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Using NM's Great Outdoors Respectfully During Pandemic

The Forest Service has closed several recreation sites in New Mexico in an effort to protect residents from the COVID-19 outbreak. (auroraroberts/SierraClub.org)
The Forest Service has closed several recreation sites in New Mexico in an effort to protect residents from the COVID-19 outbreak. (auroraroberts/SierraClub.org)
April 3, 2020

SANTA FE, N.M. - If you're headed out to use New Mexico's trails or open space this weekend, outdoor experts say you should make the health of others your number one priority during the current health crisis.

Terry Owen leads outings as the chairman of the Outings and Military Outdoors Program for the Rio Grande Chapter of the New Mexico Sierra Club. Owen says if you can, it's a good idea to find a trail off the beaten path.

At the same time, he says you shouldn't travel so far that it requires a stop - which could possibly mean interacting with others who may have been exposed to the new coronavirus.

"This pandemic that we're seeing is life and death for a lot of people," says Owen. "So, we want to conduct ourselves in a way that is respectful of those that we're sharing the outdoors with."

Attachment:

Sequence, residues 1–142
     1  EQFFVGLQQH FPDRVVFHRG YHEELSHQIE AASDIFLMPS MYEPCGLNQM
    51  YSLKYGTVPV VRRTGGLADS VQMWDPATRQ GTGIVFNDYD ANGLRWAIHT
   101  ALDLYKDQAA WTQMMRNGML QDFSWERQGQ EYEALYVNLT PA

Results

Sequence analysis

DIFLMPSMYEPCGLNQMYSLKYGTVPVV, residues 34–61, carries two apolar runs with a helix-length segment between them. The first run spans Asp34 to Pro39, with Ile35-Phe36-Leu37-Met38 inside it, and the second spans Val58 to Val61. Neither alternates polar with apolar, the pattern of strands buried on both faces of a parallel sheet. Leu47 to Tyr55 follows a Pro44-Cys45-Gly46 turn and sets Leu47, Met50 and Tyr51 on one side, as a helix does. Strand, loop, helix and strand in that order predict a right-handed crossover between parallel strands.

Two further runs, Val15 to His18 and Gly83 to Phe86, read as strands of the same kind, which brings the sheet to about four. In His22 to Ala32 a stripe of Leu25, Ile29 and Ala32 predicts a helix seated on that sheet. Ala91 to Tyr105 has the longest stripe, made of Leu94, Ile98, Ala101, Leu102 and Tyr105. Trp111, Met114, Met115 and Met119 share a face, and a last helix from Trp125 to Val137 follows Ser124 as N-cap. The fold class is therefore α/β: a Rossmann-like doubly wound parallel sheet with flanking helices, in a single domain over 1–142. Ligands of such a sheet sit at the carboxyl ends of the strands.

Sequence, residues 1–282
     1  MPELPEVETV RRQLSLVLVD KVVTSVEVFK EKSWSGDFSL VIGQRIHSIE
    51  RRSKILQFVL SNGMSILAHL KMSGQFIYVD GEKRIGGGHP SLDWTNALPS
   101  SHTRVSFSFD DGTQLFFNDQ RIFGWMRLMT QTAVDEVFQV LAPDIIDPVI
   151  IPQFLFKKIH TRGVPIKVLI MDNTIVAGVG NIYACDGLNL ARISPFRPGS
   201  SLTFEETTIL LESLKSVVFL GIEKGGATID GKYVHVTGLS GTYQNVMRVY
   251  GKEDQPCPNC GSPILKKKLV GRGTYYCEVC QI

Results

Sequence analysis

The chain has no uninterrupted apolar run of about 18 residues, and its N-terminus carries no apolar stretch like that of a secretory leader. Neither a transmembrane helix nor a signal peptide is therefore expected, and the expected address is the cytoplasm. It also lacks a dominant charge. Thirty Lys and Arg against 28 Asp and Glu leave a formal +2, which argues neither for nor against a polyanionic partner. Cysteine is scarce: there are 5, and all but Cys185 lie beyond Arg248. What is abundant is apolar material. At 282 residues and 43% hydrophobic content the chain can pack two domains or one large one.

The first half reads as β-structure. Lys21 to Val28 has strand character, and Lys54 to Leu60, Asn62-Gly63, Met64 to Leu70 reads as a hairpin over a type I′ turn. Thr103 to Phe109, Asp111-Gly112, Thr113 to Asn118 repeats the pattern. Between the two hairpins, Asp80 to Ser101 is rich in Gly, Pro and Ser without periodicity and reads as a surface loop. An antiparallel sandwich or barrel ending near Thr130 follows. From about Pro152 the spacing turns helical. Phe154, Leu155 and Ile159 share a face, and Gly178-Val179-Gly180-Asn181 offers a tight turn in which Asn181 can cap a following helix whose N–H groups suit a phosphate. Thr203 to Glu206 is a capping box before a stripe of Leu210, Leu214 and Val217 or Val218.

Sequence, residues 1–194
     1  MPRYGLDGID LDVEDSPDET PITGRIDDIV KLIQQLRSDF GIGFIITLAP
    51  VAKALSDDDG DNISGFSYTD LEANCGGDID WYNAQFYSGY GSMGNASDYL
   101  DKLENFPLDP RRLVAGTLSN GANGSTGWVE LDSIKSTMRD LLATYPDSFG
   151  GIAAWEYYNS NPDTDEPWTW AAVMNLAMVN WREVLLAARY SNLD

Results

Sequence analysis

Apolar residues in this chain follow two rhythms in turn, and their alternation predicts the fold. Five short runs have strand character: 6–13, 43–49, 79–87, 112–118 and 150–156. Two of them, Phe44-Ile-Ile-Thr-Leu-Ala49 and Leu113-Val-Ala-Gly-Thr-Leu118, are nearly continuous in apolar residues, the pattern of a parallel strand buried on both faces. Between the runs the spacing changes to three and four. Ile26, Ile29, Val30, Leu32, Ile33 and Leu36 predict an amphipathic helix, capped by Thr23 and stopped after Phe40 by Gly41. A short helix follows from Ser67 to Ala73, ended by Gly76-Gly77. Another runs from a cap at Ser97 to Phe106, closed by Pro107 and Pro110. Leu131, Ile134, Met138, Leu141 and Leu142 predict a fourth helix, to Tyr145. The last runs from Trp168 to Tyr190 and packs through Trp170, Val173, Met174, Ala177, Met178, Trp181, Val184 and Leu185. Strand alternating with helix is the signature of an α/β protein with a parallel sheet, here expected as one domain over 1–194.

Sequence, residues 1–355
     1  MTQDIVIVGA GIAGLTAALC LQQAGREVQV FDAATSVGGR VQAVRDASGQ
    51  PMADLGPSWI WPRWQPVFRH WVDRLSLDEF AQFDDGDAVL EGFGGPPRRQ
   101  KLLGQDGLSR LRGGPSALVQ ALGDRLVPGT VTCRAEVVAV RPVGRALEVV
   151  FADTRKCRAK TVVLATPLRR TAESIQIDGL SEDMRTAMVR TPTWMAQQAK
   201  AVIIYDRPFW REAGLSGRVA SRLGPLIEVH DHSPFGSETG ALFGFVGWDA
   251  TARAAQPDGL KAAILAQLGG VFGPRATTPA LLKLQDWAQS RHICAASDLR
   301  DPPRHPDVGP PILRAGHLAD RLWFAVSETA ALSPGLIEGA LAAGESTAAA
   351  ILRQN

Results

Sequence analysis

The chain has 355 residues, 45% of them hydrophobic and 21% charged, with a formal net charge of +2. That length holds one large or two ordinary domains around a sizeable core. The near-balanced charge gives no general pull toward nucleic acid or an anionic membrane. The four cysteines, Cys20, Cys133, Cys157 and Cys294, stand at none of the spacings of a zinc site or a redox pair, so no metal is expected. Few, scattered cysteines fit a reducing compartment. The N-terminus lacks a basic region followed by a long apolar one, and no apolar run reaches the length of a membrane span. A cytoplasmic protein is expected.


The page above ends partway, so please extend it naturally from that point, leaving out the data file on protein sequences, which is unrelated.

Owen says a state like New Mexico has plenty of options for hiking or biking on open space trails, but users should follow rules issued by the Centers for Disease Control and Prevention.

That means keeping a minimum distance of six feet between people, and not going out if they're not feeling well or have had contact with someone diagnosed with COVID-19.

While it's good to stay safe, doctors say exercising may help boost your physical and mental health during this crisis. Owen reminds those headed out that there are many New Mexico communities with limited medical resources that might not be able to take care of someone who sprains an ankle or scrapes a knee.

"Don't go out and try to do your personal best on a trail run, where you could you potentially trip, fall, hurt yourself and end up in the emergency room," says Owen. "Because our health care systems may be overwhelmed, and they don't need one more person to clog up the system."

He says you also should avoid carpooling with people you don't know, and avoid activities that require sharing equipment - like rock climbing.

Owen adds many parks, campgrounds, restrooms and day-use sites have been closed, so check websites before leaving. There also are many apps that can help locate easy, moderate or strenuous hikes in New Mexico.

Disclosure: Sierra Club, Rio Grande Chapter contributes to our fund for reporting on Climate Change/Air Quality, Energy Policy, Public Lands/Wilderness, Water. If you would like to help support news in the public interest, click here.
Roz Brown, Public News Service - NM